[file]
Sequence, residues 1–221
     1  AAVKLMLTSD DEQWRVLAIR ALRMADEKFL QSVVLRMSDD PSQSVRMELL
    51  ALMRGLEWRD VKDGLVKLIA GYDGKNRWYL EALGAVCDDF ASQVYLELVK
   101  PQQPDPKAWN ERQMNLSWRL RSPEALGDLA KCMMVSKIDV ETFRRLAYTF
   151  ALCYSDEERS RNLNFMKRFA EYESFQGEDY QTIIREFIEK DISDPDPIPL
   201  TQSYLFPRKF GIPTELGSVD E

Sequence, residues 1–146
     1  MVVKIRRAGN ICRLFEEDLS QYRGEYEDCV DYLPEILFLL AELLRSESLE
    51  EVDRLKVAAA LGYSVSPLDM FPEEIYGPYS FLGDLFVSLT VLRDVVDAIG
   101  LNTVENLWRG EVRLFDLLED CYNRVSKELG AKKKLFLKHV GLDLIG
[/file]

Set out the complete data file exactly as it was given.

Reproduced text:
Sequence, residues 1–221
     1  AAVKLMLTSD DEQWRVLAIR ALRMADEKFL QSVVLRMSDD PSQSVRMELL
    51  ALMRGLEWRD VKDGLVKLIA GYDGKNRWYL EALGAVCDDF ASQVYLELVK
   101  PQQPDPKAWN ERQMNLSWRL RSPEALGDLA KCMMVSKIDV ETFRRLAYTF
   151  ALCYSDEERS RNLNFMKRFA EYESFQGEDY QTIIREFIEK DISDPDPIPL
   201  TQSYLFPRKF GIPTELGSVD E

Sequence, residues 1–146
     1  MVVKIRRAGN ICRLFEEDLS QYRGEYEDCV DYLPEILFLL AELLRSESLE
    51  EVDRLKVAAA LGYSVSPLDM FPEEIYGPYS FLGDLFVSLT VLRDVVDAIG
   101  LNTVENLWRG EVRLFDLLED CYNRVSKELG AKKKLFLKHV GLDLIG